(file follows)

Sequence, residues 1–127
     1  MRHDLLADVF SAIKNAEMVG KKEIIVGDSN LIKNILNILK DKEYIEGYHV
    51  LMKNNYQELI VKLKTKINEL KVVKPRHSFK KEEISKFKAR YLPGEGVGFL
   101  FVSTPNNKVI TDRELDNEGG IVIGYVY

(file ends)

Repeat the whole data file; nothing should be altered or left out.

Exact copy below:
Sequence, residues 1–127
     1  MRHDLLADVF SAIKNAEMVG KKEIIVGDSN LIKNILNILK DKEYIEGYHV
    51  LMKNNYQELI VKLKTKINEL KVVKPRHSFK KEEISKFKAR YLPGEGVGFL
   101  FVSTPNNKVI TDRELDNEGG IVIGYVY